So-yoon waits until she’s alone with Woo-jae to question whether he really believes Yoo-na’s story. He hasn’t even thought to question its veracity, but then he’s called away and So-yoon doesn’t elaborate.
Assemblyman Seo snaps at Woo-jae to do his job and catch the bad guy, so he and his sunbae, Sergeant Han, head to the bridge where Yoo-na was attacked. Sergeant Han scoffs again at Woo-jae’s theories, telling him to go to America if he’s so keen on serial killers. Still, you can’t laugh at Woo-jae too much for thinking it can’t be a coincidence that the Rainy Wednesday Killer is afoot at the same time a body is discovered.
Sergeant Han is skeptical of Yoo-na’s accounting, however, as he notes that this doesn’t look like a crime scene, and there are no signs of the struggle she described. He tells Woo-jae to look at all the CCTV footage in the area.
At school, So-yoon asks creepy art teacher Gun-woo about this Teacher Hye-jin, and learns that she used to teach at an art academy in town. Today he’s friendly and helpful; am I going to have to stop calling him creepy? But even the fact that he’s being nice makes me think he’s creepy…
Worried about Ba-woo’s behavior, his father goes to pharmacist Joo-hee for help. She finds Ba-woo huddled at home, ripping pages out of books, and asks what happened last night. She guesses that he was with Yoo-na and asks about it, but he ignores that and asks if Teacher Hye-jin is dead, and why.
Joo-hee has no answer. When his dad asks about his current condition, she suggests switching up his autism medication.
Yoo-na and Ji-sook arrive home, where crabby Grandma wastes no time scorning Ji-sook for not noticing that her daughter was sneaking out. Ji-sook hangs her head and apologizes repeatedly, but Yoo-na hates seeing her mother berated and talks back to Grandma, pointing out that she was the one who snored through everything while Yoo-na accidentally made too much noise outside her door. She must have been exhausted after all that time she spent abusing Mom.
But Ji-sook can’t have her daughter making things worse, even if it’s to speak up for her, and she smacks Yoo-na for her rudeness. Grandma just huffs that both mother and daughter lack class. Ji-sook asks her daughter to stop making things difficult for her.
Pharmacist Joo-hee thinks of Ba-woo asking about Hye-jin, and flashes back to a curious conversation she’d had with her. Hye-jin had mentioned “if something were to happen to me,” but Joo-hee hadn’t thought too much of it since she it was just casual talk, framed as a rhetorical question. Hye-jin added that the children would figure it out because she’d made a time capsule with them, and hidden “a huge secret” inside. It seemed like a joke then, but now Joo-hee mulls it over seriously.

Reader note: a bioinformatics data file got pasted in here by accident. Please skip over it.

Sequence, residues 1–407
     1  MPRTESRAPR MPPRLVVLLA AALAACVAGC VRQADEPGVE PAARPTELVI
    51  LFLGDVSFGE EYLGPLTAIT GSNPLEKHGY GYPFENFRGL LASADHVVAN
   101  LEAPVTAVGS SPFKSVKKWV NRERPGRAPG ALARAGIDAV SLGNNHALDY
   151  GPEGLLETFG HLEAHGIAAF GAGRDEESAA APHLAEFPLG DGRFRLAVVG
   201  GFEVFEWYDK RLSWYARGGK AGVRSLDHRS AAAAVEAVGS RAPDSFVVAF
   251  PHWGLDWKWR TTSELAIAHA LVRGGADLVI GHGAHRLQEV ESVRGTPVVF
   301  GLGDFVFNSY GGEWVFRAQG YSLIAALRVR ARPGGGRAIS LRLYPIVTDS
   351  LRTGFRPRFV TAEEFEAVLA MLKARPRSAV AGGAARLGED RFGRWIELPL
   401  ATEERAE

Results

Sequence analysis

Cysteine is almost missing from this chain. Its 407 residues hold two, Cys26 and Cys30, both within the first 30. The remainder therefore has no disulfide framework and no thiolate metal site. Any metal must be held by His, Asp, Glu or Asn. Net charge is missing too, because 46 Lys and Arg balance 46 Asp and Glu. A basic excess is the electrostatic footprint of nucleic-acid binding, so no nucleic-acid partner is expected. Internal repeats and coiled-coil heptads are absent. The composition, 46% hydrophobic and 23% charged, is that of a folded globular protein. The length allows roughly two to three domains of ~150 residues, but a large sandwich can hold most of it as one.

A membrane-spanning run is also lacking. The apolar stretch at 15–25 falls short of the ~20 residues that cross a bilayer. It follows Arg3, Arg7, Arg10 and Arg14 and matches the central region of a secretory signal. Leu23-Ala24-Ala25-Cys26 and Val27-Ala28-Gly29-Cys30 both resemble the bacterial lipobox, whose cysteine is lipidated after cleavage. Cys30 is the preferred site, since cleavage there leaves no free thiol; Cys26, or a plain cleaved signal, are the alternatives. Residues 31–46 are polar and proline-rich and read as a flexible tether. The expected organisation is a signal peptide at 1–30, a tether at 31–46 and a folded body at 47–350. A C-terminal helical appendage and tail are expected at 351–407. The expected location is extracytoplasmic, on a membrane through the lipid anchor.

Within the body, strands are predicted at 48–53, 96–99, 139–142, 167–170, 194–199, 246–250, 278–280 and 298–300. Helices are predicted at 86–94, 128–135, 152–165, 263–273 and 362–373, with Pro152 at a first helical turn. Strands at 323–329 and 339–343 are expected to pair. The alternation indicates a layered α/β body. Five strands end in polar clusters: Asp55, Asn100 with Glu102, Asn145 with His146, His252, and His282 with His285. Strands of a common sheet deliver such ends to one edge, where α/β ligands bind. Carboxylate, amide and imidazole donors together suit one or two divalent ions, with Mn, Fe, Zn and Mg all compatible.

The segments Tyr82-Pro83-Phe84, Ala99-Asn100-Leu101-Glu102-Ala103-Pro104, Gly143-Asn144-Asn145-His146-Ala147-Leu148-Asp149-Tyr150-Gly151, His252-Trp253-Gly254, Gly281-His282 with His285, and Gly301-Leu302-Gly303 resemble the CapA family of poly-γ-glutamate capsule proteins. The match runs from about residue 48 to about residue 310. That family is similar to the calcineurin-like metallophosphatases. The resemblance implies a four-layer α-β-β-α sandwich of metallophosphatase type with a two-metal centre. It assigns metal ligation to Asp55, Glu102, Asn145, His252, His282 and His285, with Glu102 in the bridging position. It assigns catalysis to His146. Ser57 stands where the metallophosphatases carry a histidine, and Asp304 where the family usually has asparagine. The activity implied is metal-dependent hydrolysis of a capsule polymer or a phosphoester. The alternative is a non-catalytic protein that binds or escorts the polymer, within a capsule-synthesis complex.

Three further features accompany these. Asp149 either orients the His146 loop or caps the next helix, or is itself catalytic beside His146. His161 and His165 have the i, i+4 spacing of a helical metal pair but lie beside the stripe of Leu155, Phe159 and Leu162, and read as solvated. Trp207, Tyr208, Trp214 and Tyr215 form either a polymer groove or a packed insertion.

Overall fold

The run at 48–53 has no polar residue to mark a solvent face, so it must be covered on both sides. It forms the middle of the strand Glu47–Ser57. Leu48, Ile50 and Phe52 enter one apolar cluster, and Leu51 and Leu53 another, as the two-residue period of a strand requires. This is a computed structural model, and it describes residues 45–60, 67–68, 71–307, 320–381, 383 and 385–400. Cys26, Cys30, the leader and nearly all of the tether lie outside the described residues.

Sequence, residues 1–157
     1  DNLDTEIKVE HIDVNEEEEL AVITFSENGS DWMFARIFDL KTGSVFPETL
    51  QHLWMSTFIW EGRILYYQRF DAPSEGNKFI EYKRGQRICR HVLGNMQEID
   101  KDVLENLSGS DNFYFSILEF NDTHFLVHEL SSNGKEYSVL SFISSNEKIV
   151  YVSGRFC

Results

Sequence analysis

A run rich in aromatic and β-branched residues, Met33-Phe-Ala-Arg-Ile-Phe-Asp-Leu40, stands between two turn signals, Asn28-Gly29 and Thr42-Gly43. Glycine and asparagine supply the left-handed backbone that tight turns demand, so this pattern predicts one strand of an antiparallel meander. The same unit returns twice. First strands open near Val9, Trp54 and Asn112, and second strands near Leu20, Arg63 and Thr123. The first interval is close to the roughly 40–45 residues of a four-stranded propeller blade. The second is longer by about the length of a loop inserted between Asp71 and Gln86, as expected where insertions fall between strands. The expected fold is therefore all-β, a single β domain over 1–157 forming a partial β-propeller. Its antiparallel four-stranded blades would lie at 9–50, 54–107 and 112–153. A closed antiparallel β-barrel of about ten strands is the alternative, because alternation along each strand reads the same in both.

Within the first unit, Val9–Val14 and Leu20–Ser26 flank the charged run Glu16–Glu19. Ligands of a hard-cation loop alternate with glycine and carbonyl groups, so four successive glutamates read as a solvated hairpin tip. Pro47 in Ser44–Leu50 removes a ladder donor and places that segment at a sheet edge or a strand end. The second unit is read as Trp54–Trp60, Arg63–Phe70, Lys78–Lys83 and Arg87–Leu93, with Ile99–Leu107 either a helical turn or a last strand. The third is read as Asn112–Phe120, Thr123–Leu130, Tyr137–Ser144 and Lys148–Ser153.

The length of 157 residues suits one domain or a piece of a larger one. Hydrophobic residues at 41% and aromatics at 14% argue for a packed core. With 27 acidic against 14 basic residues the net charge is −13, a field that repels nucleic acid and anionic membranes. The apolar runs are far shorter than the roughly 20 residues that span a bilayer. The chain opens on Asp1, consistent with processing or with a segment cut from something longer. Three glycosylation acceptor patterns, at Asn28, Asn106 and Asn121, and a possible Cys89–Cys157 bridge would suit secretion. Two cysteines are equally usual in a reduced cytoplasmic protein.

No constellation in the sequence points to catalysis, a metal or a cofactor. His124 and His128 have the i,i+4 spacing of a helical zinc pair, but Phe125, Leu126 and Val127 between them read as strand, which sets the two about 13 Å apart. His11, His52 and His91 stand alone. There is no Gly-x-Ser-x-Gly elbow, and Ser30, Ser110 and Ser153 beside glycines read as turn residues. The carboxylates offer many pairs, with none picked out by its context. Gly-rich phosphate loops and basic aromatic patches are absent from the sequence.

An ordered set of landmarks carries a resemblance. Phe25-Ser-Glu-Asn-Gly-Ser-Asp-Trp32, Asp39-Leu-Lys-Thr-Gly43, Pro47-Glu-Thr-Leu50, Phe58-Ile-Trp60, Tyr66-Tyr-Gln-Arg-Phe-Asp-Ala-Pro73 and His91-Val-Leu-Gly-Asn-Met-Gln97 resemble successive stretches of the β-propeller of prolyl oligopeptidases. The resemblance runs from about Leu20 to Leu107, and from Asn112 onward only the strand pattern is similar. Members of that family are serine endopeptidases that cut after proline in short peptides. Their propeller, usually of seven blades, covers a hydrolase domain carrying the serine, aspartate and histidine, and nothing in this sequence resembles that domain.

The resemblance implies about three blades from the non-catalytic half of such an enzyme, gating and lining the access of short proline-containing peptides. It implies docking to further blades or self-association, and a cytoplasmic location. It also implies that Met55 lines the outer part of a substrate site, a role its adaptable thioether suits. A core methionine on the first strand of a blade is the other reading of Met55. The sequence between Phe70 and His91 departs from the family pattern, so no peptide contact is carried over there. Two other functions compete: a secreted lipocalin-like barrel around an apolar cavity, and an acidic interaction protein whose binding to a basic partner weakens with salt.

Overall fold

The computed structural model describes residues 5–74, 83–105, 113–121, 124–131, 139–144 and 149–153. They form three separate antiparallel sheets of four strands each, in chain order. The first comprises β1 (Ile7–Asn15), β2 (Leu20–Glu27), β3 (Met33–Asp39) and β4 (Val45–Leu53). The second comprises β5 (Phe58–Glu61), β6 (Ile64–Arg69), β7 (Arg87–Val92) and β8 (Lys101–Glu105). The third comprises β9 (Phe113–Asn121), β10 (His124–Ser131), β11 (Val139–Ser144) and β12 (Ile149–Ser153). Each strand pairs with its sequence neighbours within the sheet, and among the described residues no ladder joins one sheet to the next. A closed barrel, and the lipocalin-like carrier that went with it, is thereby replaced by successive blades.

That evening, Assemblyman Seo tells Ji-sook to return their daughter’s computer, since spending all night on it is better than her wandering around and getting hurt. When Ji-sook mentions Yoo-na needing to study, he says she’s not much of a brain, but is pretty enough to marry well—like her mother. Well, that’s charming.
Then Ji-sook asks if the corpse was identified, and Assemblyman Seo gets snappish about not knowing anything.
So-yoon asks her landlord about the previous tenant, and he has to look it up because he’s new himself. He sees that the lease automatically expired a few months after the tenant stopped paying rent, but doesn’t find that unusual—with an increase in semi-transients and foreigners moving through the region, it’s becoming more common to have tenants skip out on rent. He confirms that Kim Hye-jin was the last tenant before her.
New character alert: Pretty teenager GA-YOUNG (Lee Yeol-eum) tries to slip out of the house, but gets caught by her eagle-eyed mother. Ga-young insists she has a birthday party to get to, but Mom would dearly love for her to stop hanging around her friends and sneaking home late at night. She cites Yoo-na’s recent attack as reason to stay home, but Ga-young snaps that Yoo-na’s a psycho who made up the story for attention.
Mom runs a restaurant downstairs, and So-yoon stops by to buy food from her. Mom is happy to help out the new teacher and offers a discount, inviting her to drop by anytime.